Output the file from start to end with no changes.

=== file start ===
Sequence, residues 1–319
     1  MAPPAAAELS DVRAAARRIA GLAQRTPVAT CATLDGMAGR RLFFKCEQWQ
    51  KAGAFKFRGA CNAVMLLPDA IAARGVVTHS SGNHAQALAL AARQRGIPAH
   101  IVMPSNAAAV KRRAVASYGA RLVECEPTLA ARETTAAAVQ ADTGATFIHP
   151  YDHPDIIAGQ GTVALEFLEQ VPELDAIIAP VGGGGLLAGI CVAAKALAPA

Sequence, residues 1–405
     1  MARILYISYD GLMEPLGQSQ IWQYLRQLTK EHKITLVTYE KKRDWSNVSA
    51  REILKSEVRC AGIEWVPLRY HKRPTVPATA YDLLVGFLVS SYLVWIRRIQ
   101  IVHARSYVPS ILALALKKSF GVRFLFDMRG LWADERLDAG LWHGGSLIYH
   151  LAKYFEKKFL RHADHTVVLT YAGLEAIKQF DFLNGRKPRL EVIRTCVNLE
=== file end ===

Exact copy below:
Sequence, residues 1–319
     1  MAPPAAAELS DVRAAARRIA GLAQRTPVAT CATLDGMAGR RLFFKCEQWQ
    51  KAGAFKFRGA CNAVMLLPDA IAARGVVTHS SGNHAQALAL AARQRGIPAH
   101  IVMPSNAAAV KRRAVASYGA RLVECEPTLA ARETTAAAVQ ADTGATFIHP
   151  YDHPDIIAGQ GTVALEFLEQ VPELDAIIAP VGGGGLLAGI CVAAKALAPA

Sequence, residues 1–405
     1  MARILYISYD GLMEPLGQSQ IWQYLRQLTK EHKITLVTYE KKRDWSNVSA
    51  REILKSEVRC AGIEWVPLRY HKRPTVPATA YDLLVGFLVS SYLVWIRRIQ
   101  IVHARSYVPS ILALALKKSF GVRFLFDMRG LWADERLDAG LWHGGSLIYH
   151  LAKYFEKKFL RHADHTVVLT YAGLEAIKQF DFLNGRKPRL EVIRTCVNLE